Of all the young men born to a privileged English country background, with their birthright of rolling landscaped gardens and Latin tutors, Captain Harry Hoare lived the combination of country house and classical heritage more intensely than the rest–he came from Stourhead, the Wiltshire estate famed for its huge, carefully allusive garden dotted with “classical” temples seen along dramatic vistas.
The Hoare family had fallen on hard times (relatively speaking) in the later 19th century, and the estate was shuttered for years, until it passed from a childless cousin to Harry’s father. The family soon moved to Stourhead, renovating it slowly while they lived in a cottage on the grounds. There were setbacks, including a devastating fire in 1902, but the family continued to repair the estate and its grounds. During the first decade of the 20th century, Lady Hoare became friendly with Thomas Hardy and his wife Emma (and then, in turn, with his second wife Florence), who lived only 35 miles off.
Hardy, though in his novels so often a champion of the disregarded poor, was friendly with many aristocrats, and could hardly resist this family of down-to-earth landowners and their struggle to preserve the past, especially its dramatic temples and the (Two on a) tower folly which was (and remains) the high point, so to speak, of a longer walk on the estate.
Stourhead was still being rebuilt when the war broke out and Harry, the only son, volunteered, eventually becoming a captain in the Devonshire Yeomanry (a territorial cavalry unit that could hardly have had a more Hardy-like name, short of Wessex Light Horse).
On November 13th, Harry Hoare was wounded at Mughar Ridge in Palestine. He died at Alexandria on December 20th.
Max Gate, Dorchester, December 26, 1917
My dear Sir Henry & Lady Hoare:
Though one should be prepared for anything in these days it never struck me what I was going to read when I opened your letter.
It is no use to offer consolation. And not even Time may be able to give that—I mean real consolation. Once a wound, always a scar left, it seems to me. Though Time can & does enlarge our vision to perceive that the one who has gone has the best of it—& that we who are left are made to look rather poor creatures by comparison with the one who has got safely to the other side—has achieved Death triumphantly & can say:
“Nor steel nor poison—foreign levy—nothing
Can touch me further”.
You may remember what was said by Ld Clarendon in his History of the Rebellion, on the death of Ld Falkland in the Battle of Newbury:
“If there were no other brand upon this odious & accursed War than that single loss, it must be most infamous & execrable to all posterity.”
I write the above in great haste, to answer your letter quickly. Florence has been crying over her remembrance of climbing the tower with Harry. It is a satisfaction, if one may say so, to feel now that we did go to see you when you were all at home together. With deepest sympathy for both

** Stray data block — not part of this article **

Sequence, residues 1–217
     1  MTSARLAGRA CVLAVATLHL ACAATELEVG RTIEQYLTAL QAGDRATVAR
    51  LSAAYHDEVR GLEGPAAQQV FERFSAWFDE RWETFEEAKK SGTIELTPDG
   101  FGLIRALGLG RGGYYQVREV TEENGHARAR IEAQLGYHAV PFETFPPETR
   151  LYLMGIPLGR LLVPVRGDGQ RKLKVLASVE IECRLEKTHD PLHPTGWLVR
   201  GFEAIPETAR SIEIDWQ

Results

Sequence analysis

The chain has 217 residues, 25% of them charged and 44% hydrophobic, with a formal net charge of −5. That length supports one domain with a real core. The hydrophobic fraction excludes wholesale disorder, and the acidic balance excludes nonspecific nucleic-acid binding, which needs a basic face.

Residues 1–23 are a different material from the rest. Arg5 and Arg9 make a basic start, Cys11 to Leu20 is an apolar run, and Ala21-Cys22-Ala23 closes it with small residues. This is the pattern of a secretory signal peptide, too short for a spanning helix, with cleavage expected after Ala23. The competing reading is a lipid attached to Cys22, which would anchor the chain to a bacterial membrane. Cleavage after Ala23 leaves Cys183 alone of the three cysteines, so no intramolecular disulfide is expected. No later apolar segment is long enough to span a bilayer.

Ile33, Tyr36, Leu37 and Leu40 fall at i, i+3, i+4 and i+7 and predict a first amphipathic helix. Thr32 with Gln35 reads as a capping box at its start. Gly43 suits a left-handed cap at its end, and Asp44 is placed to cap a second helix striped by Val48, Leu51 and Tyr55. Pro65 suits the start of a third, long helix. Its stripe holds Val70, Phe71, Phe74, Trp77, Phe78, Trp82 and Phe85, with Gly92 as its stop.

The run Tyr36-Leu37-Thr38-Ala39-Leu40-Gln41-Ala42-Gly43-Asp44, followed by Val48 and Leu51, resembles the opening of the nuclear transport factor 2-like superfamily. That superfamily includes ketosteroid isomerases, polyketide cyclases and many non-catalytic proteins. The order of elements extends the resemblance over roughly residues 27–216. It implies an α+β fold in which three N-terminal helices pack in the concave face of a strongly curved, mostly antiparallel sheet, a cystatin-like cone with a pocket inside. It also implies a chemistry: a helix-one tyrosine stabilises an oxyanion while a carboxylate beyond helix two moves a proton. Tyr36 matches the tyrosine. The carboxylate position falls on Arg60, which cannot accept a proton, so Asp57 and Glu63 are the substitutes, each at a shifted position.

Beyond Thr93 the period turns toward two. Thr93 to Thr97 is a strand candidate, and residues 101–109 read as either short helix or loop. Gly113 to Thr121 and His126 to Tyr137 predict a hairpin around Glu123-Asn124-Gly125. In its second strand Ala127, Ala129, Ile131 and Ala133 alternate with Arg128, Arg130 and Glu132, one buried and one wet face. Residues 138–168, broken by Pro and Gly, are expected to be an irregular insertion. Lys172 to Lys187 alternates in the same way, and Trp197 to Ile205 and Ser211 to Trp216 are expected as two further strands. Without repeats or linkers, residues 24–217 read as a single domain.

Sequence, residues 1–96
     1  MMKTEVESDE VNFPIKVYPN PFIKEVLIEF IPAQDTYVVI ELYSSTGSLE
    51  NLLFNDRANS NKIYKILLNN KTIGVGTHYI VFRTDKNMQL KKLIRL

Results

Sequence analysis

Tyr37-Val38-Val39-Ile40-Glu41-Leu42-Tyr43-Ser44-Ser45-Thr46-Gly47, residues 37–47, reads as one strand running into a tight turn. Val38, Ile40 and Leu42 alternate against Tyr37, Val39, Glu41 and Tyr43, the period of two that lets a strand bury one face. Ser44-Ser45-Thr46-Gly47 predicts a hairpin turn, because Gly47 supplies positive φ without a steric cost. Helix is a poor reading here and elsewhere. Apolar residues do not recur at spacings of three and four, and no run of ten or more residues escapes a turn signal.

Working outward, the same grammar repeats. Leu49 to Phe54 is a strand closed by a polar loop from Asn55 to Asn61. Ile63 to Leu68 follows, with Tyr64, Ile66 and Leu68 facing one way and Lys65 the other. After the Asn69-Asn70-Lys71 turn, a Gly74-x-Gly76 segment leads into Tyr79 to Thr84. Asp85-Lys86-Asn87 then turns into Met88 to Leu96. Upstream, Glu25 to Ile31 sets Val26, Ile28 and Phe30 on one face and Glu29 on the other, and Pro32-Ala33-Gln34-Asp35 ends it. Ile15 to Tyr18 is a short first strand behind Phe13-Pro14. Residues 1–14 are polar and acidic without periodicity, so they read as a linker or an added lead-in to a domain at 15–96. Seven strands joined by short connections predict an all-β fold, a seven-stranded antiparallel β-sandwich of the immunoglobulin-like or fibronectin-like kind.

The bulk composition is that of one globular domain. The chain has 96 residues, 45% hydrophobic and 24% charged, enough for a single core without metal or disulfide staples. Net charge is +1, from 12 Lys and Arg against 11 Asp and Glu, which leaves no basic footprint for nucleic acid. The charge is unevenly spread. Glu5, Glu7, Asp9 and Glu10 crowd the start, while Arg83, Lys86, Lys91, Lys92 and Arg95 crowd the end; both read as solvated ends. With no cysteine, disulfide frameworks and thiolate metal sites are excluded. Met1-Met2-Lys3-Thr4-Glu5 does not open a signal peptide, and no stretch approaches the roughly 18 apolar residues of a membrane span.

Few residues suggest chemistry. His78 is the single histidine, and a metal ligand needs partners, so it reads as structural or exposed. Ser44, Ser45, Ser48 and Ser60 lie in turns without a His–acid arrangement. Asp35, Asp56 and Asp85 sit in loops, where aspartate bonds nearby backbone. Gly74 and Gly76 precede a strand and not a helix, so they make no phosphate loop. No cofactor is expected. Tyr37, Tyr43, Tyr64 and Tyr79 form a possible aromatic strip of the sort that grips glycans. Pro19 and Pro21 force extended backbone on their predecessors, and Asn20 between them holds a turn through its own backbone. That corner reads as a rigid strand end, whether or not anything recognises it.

Yours always sincerely
It’s hard to follow a letter of condolence from one of the great writers of England, reduced to gruff kindness, quotation and soft, heartfelt cliché. But it is pleasing, in some strange, sad sense–in aesthetic if not philosophical terms–to have Olaf Stapledon here as a counterbalancing writer. After Hardy’s taut, dutiful letter, in which he suppresses the voice of the grim old man who loves to stake out the pain of the indifferent universe’s cruel ironies and instead offers whatever meager gifts convention has to give, Olaf Stapledon regards the immensity of the universe (both literally and figuratively) with utterly different eyes. Stapledon is watching the skies with hope, standing in a different field and a different time of life, his searching spirit suffused by joy even in difficult circumstances, looking at boundless possibility instead of promise cut off. And, of course, he’s right, too.
26 December 1917
The moon is brilliant, and the earth is a snowy brilliance under the moon. Jupiter, who was last night beside the moon, is now left a little way behind. Venus has just sunk ruddy in the West, after being for a long while a dazzling white splendour in the sky. I have just come in from a walk with our Professor [Lewis Richardson], and he has led my staggering mind through mazes and mysteries of the truth about atoms and electrons and about that most elusive of Cod’s creatures, the ether. And all the while we were creeping across a wide white valley and up a pine clad ridge, and everywhere the snow crystals sparkled under our feet, flashing and vanishing mysteriously like our own fleeting inklings of the truth about electrons. The snow was very dry and powdery under foot, and beneath that soft white blanket was the bumpy frozen mud. The pine trees stood in black ranks watching us from the hill crest, and the faintest of faint breezes whispered among them as we drew near. The old Prof (he is only about thirty-five, and active, but of a senior cast of mind) won’t walk fast, and I was very cold in spite of my sheepskin coat; but after a while I grew so absorbed in his talk that I forgot even my frozen ears. (I had been wishing I had put on my woollen helmet.) We crossed the ridge through a narrow cleft and laid bare a whole new land, white as the last, and bleaker. And over the new skyline lay our old haunts and the lines. Sound of very distant gunfire muttered to us. Three trudging figures slowly drew near, three “poilus” carrying their kits and rifles. As they passed, one of them greeted us in our own tongue, for he had heard us talking. What a night it is. . . .
Atoms, electrons, “ether,” and the stars and planets will all figure into Olaf’s vision of the cosmos, stuff so sweeping that it will make epics seem to pass by like bubble-gum songs–and yet, yes, without forgetting the human scale of the one man killed to little purpose, or the three soldiers trudging through the snowy landscape…